The above reasons plus the fact that the polls sample size is only 506 and contains no error bar that I could find are why I said that the poll is useless in my original post. I don’t know if your comments were meant to respond to what I said. I, simply, thought that my comments required elaboration after reading yours. While I value the opinions expressed here and want to encourage more, I believe that we are better of demanding better quality data than trying to find meaning in a meaningless poll.

  15. @Luis Plata:

    Explain to your parents the importance of the Cathode Ray tube to modern science and they may never question you again. This, of course, is assuming that they enjoy watching television. Oh wait, Quantum Physics? Lets use that to help explain how semi-conductors work so that your mom can check her email. I tried to explain Compton Scattering to my dad the other day (elementary stuff you know) and he didn’t even try to understand. Try and explain how physics has benefited your parents and they may come around. It is commendable that you have chosen to do it anyways. Keep up the hard work! Degrees in Physics will one day benefit us both!

  16. For some reason, an awful lot of girls say they want to be Marine Biologists. I haven’t figured out what’s so appealing about that particular field of science that would attract such a high female contingent, unless they think they’ll be swimming with dolphins all the time.

  17. OK, so I am not a woman, so take that for what it’s worth. Nevertheless, as a child, I had always been certain that I would be a scientist of some sort, though my interests encompassed a pretty wide range. By high school, I was certain I wanted to design and build space ships (NASA or not, didn’t matter). I started college in an Aerospace Engineering program at Texas A&M, and boy was I unprepared. Not only did I experience the usual first-time-really-away-from-home-partying-etc., I found that my grasp of the mathematics that would have ensured success in first year Calculus was tenuous, and I never could quite catch up. Try taking Calculus based Physics with a shaky foundation in Calculus. You can imagine where that went. A year later I was shipping off to the Army with no more money to pay for college. That effectively ended my idea of working on space shuttles and the like. I am fairly certain, however, that had I possessed a better math foundation, I could have caught up before it was too late. I am glad now that I am not an Aerospace Engineer, but that is another story entirely.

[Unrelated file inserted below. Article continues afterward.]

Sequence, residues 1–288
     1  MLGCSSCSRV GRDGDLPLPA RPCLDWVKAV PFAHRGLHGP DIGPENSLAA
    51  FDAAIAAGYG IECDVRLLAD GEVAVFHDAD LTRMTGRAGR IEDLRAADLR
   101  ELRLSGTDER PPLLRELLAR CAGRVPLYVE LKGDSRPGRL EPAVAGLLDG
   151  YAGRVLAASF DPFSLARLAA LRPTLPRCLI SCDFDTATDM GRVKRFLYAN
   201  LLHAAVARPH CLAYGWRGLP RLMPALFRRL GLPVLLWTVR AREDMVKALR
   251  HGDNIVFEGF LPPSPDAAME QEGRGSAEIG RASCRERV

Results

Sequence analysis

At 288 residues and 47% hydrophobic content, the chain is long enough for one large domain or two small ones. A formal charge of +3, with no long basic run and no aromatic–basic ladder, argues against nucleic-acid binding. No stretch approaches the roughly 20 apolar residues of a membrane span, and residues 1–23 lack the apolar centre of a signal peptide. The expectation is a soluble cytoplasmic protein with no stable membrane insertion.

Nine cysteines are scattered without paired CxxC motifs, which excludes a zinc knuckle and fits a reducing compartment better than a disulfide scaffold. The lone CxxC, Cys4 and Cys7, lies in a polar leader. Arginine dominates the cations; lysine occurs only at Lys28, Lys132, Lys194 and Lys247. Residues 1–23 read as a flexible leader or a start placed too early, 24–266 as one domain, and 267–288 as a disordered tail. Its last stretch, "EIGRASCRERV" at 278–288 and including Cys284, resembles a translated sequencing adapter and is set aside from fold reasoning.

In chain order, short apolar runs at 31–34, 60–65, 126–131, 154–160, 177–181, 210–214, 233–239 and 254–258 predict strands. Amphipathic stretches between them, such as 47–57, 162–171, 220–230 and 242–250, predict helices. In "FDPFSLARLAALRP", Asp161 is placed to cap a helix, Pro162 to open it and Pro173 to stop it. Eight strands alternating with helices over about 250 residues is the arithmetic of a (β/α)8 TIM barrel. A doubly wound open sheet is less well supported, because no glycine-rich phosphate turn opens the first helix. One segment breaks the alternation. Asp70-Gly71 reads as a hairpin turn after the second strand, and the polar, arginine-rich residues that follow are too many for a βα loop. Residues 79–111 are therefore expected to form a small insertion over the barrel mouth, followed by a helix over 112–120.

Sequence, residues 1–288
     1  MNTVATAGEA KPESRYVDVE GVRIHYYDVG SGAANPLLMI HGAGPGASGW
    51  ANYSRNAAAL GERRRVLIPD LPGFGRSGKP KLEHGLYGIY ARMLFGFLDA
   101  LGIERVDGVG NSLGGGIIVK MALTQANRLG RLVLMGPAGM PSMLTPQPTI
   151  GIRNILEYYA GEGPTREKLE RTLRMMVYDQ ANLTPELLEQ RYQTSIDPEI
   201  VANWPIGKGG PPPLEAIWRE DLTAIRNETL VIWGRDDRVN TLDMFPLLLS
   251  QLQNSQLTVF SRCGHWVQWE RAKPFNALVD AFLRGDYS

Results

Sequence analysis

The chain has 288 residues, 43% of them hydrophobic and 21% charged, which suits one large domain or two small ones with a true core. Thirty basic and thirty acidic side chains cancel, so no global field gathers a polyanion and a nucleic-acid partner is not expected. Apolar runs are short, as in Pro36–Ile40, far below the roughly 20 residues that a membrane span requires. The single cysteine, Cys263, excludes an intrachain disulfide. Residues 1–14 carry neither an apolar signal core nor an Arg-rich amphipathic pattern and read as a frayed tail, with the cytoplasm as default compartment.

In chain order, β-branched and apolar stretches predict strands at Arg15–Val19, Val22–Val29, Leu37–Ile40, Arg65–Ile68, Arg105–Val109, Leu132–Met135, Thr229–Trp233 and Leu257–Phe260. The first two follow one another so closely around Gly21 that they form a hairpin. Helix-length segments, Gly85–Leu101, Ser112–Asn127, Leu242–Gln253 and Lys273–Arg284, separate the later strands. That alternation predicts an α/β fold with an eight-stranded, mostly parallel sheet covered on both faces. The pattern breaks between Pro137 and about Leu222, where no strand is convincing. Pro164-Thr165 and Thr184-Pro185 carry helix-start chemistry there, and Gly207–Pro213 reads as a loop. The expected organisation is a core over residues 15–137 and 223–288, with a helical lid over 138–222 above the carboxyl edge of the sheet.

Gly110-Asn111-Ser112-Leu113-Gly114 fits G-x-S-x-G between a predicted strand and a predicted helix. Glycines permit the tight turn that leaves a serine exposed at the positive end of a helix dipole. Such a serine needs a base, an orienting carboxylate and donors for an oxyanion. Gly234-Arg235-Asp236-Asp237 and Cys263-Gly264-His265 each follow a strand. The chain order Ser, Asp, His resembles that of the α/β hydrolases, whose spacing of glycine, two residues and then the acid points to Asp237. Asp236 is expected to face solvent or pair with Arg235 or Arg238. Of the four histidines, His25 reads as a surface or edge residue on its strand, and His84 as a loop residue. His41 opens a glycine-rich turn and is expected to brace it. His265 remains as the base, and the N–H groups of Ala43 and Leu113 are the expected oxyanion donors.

18. I think that in the younger age range (13-15) there is a little “fireman” syndrome going on that skews the results. Every boy under a certain age wants to be a fireman, mainly because it’s one of the few distinctive professions. No one grows up wanting to be a process server, but we have them nonetheless. I suspect that there is an element of easy selection popping up in this that inflates the number somewhat. I would like to find out how many of these girls are college bound.


    Typical scientist response isn’t it?

  19. Thatch3d

    @ The Chemist


    Typical scientist response isn’t it?”

    See my previous posts. It isn’t the quantity. It’s the quality, the methodology, and the context. The poll in this entry brings neither of those things that count. It is a terrible poll that tells us nothing.

  20. @ Luis Plata,

    I just read your comment, and I hear you. My family hasn’t cut my funding yet, but my father wants me to pursue chemical engineering rather than the basic science of chemistry.

    I sense (though the medium of type can be misleading) that you’re considering changing your major.

    My advice: Soldier on, if it’s what you really want to do. Read the blog “How I’m Becoming an Astronaut” if you want to see how far a dream can take you. If you have the ability and the desire, it shouldn’t be squandered. If you walk out of the ordeal having received no support whatsoever from your parents, so be it. You’re your own person, your parents don’t have to live with the degree you end up with, you do.

    I’ve met students, former engineers, students with bachelors’ degrees in a few of my undergrad classes. Talking with them, they all made a bad choice based on things other than the reality of the professions or their hopes and dreams. So if you can’t imagine being anything except a physicist, why be anything else? If tuition is a problem, then you may have to drop out for a brief period of time to raise the necessary funds, or go to a cheaper school. They say it doesn’t matter where you did your undergrad anyway. If your father sees that you will not renege on the promise you made yourself, he will may compelled to support you despite his own well-intentioned desires for you future.

  21. Nico

    I returned to school after 14 years to do marine biology and oceanography. I managed to make my mom blanch when I told her, that dear daughter me isn’t interested in dolphins ( much too squeaky) but sharks.

    I know lots of girls just don’t go for science because as one said so loudly plant bio: “I don’t know why anyone would study plants, they don’t do any good.”

    The girls I know are all going for dental hygiene, and social work degrees, not chemistry, physics, biology.

  22. Again on the whole “fireman” thing, well, I think there are certain professions that every* kid wants to be when they want to grow up: fireman, police officer, beauty model, actor/actress, and I’d probably add in scientist too…

    I think they’re going to get disproportionate results in any survey. Nonetheless, more kids saying they want to be scientists means more kids *interested* in science, and that’s a good thing.

  23. Tacitus: “She’s innately attracted to glamor, and sees modelling as one of the ways to immerse herself in it. Other girls don’t have the time of day for such fluff, and may want to be scientists, stock brokers, pilots, or any other path you can think of that might be considered orthagonal to modelling.